A friend of mine has been trying to get me into peer to peer lending (AKA P2P lending, AKA crowdfunding). He says he’s making 7.2% interest on it, with low risk. Easy money!
I still haven’t taken him up on it. Partly because 7.2% just seems too good to be true, partly because there’s something about the whole P2P lending thing that seems a bit sketchy to me.
Recently the former head of the FSA, Lord Adair Turner, was on the radio warning about the dangers of P2P lending. He told the BBC’s Wake Up To Money programme “The losses which will emerge from peer-to-peer lending over the next five to 10 years will make the bankers look like lending geniuses.”
So who’s right – my mate down the pub or the former head of the FSA?
Let’s have a look.
P2P lending is a clever idea cooked up by the financial technology industry. It’s all about connecting borrowers directly to savers – no bank required.
Normally, the banks act as the middleman between savers and borrowers. The saver stashes his money in a bank account paying 2% interest, the borrower applies to the bank for a loan at 5% interest, and the bank keeps 3% for itself.
P2P “platforms”, as they call themselves, are websites that connect borrowers directly to savers. Savers can choose how much risk you want to take, and be rewarded with an appropriate interest rate.
For example on Funding Circle, one of the popular P2P platforms, you have a big range of options as an investor. You can put your money into one particular business you like the look of – I was offered a chance to lend to a local property renovation company, for example.
If that’s too risky for you, you can spread your money around different businesses. You can put your money into a big pool of loans, 100 or more. And you can choose the amount of risk you’re willing to take.
For example, the riskiest loans – the P2P equivalent of “junk bonds” – pay 18% interest. But Funding Circle warns you’re not going to see that 18% – bad debts will likely shrink your returns to around 9%. The safest loans pay a headline rate of 8%. But your realised returns, minus bad debts, are estimated at around 6.4%.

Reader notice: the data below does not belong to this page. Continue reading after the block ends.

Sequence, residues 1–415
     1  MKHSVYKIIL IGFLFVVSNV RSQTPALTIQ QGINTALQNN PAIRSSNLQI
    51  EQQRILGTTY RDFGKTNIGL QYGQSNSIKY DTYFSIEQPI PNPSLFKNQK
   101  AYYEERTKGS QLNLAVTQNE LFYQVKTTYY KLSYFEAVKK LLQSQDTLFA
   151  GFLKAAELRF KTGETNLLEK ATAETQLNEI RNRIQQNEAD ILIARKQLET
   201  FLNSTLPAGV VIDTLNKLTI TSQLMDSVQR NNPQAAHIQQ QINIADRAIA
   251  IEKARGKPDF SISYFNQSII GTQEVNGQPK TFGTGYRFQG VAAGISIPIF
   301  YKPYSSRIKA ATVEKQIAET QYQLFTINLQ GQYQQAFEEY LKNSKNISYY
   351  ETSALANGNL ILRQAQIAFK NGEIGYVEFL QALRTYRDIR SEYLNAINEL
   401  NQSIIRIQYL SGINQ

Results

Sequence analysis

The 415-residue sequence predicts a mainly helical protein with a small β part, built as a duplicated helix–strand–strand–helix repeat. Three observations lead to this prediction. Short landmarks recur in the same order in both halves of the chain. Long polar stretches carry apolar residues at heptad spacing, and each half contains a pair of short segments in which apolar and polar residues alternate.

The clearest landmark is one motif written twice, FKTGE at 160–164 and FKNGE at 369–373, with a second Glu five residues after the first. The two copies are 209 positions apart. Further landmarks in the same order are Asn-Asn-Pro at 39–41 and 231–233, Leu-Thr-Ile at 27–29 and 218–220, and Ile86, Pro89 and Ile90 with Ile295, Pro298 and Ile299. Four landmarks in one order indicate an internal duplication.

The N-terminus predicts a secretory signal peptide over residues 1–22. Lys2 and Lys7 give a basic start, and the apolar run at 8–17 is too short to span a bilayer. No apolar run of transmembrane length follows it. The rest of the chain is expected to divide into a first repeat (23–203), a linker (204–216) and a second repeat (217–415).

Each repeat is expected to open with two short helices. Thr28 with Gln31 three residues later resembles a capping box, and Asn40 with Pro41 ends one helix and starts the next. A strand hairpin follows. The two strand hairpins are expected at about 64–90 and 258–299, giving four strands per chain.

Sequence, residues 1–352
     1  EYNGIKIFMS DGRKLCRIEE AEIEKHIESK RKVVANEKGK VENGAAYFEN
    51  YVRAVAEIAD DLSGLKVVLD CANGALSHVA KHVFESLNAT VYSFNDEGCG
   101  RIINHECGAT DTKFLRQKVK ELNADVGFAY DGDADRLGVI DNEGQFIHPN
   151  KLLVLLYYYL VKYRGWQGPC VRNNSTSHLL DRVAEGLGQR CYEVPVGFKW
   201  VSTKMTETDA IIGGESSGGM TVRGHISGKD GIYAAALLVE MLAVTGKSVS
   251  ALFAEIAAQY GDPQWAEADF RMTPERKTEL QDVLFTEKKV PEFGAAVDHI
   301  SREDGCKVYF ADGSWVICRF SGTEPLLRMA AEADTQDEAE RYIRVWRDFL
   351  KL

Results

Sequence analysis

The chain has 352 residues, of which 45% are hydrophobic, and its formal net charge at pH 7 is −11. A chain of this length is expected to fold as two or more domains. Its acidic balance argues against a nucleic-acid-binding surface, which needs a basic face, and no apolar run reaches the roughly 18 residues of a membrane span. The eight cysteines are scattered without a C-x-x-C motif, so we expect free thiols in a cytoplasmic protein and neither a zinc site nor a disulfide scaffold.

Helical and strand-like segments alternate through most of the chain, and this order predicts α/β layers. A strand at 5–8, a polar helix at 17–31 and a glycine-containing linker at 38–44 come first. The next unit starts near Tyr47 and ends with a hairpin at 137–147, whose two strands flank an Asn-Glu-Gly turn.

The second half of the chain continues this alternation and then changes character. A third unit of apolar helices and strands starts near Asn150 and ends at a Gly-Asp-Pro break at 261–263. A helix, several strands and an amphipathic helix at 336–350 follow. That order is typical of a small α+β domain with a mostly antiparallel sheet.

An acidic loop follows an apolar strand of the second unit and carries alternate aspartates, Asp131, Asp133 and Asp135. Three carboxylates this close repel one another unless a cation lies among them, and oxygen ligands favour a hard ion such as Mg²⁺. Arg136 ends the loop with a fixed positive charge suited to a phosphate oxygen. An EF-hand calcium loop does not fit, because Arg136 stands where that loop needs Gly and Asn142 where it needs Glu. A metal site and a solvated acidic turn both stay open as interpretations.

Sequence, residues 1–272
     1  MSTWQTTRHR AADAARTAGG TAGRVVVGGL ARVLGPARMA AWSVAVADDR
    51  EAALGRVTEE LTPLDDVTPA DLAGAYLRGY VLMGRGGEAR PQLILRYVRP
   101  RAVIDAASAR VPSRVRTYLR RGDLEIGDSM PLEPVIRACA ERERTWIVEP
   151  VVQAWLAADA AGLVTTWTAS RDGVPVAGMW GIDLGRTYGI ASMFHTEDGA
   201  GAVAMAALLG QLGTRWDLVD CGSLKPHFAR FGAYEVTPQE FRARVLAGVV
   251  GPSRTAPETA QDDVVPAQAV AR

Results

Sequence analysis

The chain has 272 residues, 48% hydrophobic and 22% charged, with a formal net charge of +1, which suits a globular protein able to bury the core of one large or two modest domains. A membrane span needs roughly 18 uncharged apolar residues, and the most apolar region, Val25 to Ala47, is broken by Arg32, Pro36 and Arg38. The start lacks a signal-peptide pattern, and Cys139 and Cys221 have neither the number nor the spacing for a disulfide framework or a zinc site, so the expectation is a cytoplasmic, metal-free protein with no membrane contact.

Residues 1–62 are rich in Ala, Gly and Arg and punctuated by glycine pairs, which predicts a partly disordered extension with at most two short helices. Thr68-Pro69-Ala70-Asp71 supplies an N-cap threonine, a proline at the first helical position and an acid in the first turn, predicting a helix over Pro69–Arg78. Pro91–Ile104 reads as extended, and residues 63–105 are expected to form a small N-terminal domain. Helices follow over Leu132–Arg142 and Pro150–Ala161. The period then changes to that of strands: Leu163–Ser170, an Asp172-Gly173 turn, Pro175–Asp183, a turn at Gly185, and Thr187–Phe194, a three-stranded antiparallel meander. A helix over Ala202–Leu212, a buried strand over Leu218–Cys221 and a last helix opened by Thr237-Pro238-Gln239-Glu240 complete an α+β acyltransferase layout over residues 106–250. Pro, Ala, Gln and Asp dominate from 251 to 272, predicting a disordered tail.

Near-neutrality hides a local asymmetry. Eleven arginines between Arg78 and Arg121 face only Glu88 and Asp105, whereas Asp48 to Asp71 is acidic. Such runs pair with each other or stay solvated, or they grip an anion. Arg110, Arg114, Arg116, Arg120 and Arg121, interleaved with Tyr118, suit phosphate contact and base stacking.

Funding Circle keeps 1% for itself. And to be fair, you wouldn’t begrudge them that – the banks charge far more! The important difference though, is that the bank guarantees the depositor will get their money back. The bank takes on the risk that its loans won’t work out. P2P lenders don’t take any risk. If their loans go sour, the savers lose out – not the platform.
“Internal risk models”
So it all boils down to whether companies borrowing from P2P platforms are a good credit risk. Funding Circle estimates that for the least risky loans – those offering an 8% headline interest rate – 0.6% of loans will go bad.
As Funding Circle describes it, “This is the estimated annual level of bad debt to expect for this risk band. Estimated bad debt rates are based on internal risk models which estimate the probability of default, exposure at default, and loss, or unrecoverable amount, given default.”
And that’s the problem. As an investor, you’re relying on these guys’ “internal risk models” to tell you how safe your money is. If they’re roughly right, my mate and all the other P2P investors are quids in. If they’re wrong – as Lord Turner clearly seems to think – he’s going to get burned.
I’m going to keep tugging the thread tomorrow. I want to explore this idea a bit further – why Lord Turner is so suspicious, and why the government is throwing its lot in with the P2P companies.